Unlike competitors’ products, he said, the American Health Products monitor with the Monitron brand name is small and light because all the parts have been painstakingly miniaturized. It is worn as an elastic belt a few inches above the waist. Two-inch squares attached to the belt contain electrodes to monitor heartbeats and other sensors that monitor breathing by measuring the expansion and contraction of a patient’s chest.

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A dime-size computer installed in one of the squares can be programmed to detect when a patient’s heart rate goes above or below a specified number of beats per minute or if pauses between breaths become too long.

Patients Freed of Wires

Whereas most other cardiorespiratory monitors tether a patient by wires to a large piece of computerized equipment, Kormos said, patients who wear the Monitron are free of wires.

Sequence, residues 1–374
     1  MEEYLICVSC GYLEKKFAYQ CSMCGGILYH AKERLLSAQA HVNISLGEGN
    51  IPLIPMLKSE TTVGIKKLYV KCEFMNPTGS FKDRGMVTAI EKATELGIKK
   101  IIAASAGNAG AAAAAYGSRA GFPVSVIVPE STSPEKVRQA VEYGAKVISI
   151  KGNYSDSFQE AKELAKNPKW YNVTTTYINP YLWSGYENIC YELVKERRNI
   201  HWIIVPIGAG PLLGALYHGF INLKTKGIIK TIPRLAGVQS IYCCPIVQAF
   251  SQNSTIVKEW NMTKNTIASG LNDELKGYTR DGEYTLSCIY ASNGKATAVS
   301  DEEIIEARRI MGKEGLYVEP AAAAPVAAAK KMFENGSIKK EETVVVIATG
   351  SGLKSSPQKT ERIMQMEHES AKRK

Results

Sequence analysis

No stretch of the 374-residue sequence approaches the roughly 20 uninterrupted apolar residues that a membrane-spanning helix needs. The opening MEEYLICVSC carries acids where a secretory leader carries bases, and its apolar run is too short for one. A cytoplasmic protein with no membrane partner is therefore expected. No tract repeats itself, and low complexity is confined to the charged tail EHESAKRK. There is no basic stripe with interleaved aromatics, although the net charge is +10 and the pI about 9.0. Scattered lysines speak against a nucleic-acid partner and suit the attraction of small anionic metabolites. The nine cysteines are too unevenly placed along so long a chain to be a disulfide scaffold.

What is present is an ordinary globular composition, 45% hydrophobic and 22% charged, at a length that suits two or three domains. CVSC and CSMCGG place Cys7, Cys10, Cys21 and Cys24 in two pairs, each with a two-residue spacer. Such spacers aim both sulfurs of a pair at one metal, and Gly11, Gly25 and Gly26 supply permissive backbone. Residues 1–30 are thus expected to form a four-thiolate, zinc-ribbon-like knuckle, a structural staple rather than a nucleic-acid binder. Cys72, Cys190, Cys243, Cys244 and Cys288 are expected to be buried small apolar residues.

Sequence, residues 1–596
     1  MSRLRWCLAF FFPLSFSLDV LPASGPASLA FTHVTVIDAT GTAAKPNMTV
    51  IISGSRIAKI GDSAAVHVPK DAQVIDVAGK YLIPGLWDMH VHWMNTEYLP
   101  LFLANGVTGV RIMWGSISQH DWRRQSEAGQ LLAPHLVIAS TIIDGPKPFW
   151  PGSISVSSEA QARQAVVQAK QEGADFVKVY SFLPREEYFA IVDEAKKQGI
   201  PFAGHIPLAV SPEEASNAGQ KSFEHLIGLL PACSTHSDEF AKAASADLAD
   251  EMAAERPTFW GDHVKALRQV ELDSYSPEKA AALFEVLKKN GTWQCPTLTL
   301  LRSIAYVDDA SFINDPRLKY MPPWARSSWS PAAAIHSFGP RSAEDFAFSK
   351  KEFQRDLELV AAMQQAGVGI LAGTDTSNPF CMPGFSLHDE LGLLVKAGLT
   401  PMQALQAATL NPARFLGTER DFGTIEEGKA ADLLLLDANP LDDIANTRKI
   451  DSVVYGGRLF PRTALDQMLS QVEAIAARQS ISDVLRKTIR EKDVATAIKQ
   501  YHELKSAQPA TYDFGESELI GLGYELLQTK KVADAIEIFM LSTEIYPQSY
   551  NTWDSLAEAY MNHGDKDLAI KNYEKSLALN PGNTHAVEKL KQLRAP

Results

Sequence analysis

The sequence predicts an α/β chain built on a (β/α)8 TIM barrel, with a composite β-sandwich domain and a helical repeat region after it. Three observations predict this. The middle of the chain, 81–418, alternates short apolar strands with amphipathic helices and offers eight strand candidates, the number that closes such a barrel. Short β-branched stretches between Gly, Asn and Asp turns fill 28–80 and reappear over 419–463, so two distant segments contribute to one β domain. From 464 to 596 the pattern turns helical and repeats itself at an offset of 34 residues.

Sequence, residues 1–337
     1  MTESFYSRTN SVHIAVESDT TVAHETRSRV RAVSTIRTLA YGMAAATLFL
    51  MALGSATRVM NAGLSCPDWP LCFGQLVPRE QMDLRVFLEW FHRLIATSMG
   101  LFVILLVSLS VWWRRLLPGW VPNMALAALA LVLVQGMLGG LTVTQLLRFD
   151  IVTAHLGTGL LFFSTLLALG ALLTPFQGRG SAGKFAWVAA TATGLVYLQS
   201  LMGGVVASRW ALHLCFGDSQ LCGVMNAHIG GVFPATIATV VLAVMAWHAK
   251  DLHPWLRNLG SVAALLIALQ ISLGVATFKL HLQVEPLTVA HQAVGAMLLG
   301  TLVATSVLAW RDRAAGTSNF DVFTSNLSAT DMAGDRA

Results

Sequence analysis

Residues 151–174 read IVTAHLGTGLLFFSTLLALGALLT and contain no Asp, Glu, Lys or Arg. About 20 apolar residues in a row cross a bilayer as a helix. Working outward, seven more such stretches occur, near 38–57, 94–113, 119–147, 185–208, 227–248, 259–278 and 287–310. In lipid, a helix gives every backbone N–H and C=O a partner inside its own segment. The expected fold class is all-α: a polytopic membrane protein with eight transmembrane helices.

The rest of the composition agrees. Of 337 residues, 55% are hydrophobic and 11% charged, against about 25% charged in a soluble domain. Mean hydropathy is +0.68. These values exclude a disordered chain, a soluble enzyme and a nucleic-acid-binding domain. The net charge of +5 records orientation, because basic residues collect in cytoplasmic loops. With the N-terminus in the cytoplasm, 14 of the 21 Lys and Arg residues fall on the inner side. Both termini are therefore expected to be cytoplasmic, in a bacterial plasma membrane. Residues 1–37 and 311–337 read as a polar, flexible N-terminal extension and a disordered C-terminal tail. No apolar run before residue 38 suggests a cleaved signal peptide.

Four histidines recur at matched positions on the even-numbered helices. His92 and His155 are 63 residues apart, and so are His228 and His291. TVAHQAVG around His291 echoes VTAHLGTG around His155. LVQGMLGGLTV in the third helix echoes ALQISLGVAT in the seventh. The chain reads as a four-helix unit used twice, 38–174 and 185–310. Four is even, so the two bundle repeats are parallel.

The belt acts as a radio frequency transmitter that broadcasts to a receiver box kept at a central nursing station. An alarm would also be activated in a pager that can be carried by a nurse.

If something goes wrong with the patient, Kormos said, alarms will ring both on the belt and at the receiver box, and the attending nurse or doctor can obtain a quick numerical readout that shows how the patient’s breathing and heart rates have fluctuated. Pulse and respiratory rates are also continuously shown on a digital display module that can be attached to the patient’s bedclothes.